In Table 7, the ranking results of the ensemble frameworks, on an independent test set are presented. Here we can observe that the ranking efficacy of the TensMIL ensemble framework, displays 100 % top-3 to top-10 accuracy, for the strong activity class, in the case of radius 0 representations, and 100 % top-3 to top-15 accuracy in the case of radius 1 representations. In the case of TensMIL2 the absolute score, for the strong active class, is obtained for the top-3 to top-5 accuracies in the case of radius 0, and for the top-3 to top-10 accuracies in the case of radius 1 representations.

Table 7:

Evaluation of the per class ranking performance in terms of top-k accuracy of the ensemble classifiers, using substructures of radius zero or radius one, for ranking the predictions of NDM-1 activity. Best performances are denoted by bold type.

Inactive class Weak active class Strong active class
Top-3 Top-5 Top-10 Top-15 Top-3 Top-5 Top-10 Top-15 Top-3 Top-5 Top-10 Top-15
TensMIL radius = 0 100 100 100 73.33 66.67 60 40 26.67 100 100 100 86.67
TensMIL2 radius = 0 100 100 80 73.33 66.67 60 30 20 100 100 80 80
TensMIL radius = 1 66.67 60 80 86.67 66.67 60 60 60 100 100 100 100
TensMIL2 radius = 1 100 100 100 93.33 66.67 60 70 66.67 100 100 100 93.33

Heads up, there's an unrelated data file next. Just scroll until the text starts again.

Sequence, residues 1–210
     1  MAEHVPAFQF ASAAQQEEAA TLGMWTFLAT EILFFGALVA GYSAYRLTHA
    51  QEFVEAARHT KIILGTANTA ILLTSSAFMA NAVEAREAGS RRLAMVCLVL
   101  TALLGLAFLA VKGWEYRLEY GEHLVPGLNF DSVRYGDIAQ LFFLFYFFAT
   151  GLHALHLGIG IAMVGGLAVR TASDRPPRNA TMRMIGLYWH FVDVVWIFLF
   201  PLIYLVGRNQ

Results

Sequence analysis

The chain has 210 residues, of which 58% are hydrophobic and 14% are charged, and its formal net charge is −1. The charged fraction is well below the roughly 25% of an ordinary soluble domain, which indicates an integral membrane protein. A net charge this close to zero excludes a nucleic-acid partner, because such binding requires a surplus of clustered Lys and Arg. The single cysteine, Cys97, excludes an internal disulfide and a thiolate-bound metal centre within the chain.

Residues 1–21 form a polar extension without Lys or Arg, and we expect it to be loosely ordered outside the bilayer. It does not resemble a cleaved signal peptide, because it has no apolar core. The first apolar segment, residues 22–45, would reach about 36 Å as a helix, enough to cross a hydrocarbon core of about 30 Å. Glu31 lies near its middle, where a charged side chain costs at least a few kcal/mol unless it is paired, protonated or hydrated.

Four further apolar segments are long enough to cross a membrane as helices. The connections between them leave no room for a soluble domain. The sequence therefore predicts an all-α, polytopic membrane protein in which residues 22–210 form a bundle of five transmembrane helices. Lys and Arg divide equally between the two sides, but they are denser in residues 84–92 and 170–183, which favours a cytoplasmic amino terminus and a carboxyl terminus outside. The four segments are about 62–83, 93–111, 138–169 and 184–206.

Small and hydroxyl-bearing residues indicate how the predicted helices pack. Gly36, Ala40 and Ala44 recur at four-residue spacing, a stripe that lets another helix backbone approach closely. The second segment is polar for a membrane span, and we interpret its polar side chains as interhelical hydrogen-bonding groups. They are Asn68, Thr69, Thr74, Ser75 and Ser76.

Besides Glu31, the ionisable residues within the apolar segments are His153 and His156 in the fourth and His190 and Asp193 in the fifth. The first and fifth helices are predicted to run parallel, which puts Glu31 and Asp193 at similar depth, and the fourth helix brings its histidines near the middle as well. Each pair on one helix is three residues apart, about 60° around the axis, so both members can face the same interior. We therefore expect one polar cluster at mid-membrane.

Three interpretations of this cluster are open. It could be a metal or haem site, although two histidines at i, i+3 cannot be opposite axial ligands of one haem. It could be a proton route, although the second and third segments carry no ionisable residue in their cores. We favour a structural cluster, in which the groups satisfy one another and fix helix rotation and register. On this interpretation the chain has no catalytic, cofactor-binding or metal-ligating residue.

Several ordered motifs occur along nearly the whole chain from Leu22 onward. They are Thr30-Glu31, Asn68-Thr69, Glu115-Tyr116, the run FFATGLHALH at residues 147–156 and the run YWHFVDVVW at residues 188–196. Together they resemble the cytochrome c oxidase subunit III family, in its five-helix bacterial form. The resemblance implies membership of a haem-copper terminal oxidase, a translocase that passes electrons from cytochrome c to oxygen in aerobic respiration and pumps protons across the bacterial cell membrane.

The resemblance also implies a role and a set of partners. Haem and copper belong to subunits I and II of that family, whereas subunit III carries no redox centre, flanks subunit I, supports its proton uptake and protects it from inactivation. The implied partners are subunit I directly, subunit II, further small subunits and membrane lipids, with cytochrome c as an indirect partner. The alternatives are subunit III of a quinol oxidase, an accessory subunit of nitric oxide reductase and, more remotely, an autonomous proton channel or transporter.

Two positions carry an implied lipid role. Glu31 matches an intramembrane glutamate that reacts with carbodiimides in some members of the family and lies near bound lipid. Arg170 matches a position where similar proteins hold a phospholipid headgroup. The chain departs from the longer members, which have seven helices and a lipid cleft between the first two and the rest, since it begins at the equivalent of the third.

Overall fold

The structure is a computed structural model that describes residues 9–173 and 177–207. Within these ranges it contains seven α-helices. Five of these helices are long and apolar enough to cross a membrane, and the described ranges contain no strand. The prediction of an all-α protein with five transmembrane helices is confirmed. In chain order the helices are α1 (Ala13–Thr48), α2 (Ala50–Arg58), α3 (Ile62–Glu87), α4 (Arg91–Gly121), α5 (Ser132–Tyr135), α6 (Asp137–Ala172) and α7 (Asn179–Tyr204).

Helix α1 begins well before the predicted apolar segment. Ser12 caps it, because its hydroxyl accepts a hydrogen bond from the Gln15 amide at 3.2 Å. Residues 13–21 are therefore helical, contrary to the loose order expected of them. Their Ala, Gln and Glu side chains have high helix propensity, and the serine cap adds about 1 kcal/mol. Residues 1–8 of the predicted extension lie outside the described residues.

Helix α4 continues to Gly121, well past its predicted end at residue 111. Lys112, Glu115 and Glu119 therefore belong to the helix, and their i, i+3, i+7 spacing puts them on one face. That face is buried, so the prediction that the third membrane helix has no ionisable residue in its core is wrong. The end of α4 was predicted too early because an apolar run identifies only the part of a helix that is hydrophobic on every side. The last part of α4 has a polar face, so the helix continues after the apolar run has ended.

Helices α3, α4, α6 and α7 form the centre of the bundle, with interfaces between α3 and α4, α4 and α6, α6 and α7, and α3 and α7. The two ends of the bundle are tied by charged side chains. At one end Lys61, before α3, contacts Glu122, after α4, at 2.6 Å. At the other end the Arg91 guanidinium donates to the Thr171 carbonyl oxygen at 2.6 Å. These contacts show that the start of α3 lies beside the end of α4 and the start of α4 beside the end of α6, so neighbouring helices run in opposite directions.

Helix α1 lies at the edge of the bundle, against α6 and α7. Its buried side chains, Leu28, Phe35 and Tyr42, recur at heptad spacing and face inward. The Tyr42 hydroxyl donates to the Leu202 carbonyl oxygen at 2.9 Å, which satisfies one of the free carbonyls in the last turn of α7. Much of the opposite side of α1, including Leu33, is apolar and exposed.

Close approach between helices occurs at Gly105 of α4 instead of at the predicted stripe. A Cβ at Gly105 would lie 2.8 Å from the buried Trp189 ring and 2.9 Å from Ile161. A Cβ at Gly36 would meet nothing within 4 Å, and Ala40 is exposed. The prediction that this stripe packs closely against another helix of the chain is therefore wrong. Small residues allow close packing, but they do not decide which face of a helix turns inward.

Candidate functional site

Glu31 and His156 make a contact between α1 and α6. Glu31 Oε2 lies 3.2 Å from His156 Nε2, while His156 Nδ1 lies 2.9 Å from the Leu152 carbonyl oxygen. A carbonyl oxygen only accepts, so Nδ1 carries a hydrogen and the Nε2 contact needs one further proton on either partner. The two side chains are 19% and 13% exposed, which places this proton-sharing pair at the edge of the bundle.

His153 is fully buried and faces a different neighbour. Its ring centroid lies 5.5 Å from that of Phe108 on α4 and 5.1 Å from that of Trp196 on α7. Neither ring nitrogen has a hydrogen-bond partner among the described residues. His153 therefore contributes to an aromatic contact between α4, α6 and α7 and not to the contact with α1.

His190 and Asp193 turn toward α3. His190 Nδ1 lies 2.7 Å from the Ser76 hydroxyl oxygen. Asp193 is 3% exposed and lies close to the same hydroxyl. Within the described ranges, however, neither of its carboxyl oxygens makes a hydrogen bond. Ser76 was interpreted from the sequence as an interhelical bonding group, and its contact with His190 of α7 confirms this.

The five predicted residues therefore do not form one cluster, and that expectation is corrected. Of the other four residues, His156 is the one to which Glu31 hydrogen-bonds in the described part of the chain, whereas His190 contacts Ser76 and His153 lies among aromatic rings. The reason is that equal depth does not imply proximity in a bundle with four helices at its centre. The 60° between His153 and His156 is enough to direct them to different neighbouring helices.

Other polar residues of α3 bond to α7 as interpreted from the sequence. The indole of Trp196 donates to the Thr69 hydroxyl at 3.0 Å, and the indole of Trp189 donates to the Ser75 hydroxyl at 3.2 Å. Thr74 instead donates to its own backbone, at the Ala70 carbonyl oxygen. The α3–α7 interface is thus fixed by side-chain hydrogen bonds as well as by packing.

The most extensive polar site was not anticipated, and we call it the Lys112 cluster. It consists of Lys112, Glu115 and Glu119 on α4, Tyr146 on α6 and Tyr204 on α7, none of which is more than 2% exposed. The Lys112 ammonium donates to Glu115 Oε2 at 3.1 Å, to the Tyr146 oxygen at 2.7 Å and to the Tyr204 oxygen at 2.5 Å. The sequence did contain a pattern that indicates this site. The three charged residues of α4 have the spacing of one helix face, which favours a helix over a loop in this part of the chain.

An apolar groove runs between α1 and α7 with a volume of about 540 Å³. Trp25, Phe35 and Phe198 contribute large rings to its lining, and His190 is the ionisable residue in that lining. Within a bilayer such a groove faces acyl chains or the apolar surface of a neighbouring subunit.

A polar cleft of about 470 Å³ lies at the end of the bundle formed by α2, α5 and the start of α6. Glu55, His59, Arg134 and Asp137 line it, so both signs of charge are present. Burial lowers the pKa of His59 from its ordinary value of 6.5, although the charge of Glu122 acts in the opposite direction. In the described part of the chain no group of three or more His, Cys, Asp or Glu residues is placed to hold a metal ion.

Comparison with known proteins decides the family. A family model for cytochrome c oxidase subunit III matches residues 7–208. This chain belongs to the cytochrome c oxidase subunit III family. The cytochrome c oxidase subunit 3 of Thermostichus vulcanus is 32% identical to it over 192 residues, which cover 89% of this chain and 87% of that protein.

Table 8, resumes the mean training (over the 10 train folds) and the mean testing (over the 10 test folds) of TensMIL and TensMIL2, for the full (i.e. radius 0 and radius 1), the radius 0 and the radius 1 representations. It can be easily observed that the training and testing time for the radius 0, in relation to the full molecular representations, is 98.01 and 7.99 times faster. In the case of radius 1 representations, we have 2.98 times faster training time and 37.40 % faster testing time, relatively to the full representation. Therefore, it is obvious that the radius 0 representations produce models, which achieve about 10 % purer classification performance. In the case of radius 1 representations, the gain in training and testing time is about 3 and 2 times in comparison to the full representation, without significant loss of the classification efficacy of the individual and the ensemble classifiers. Finally, radius 1 representation seems to benefit the ranking performance of both TensMIL and TensMIL2 ensemble models.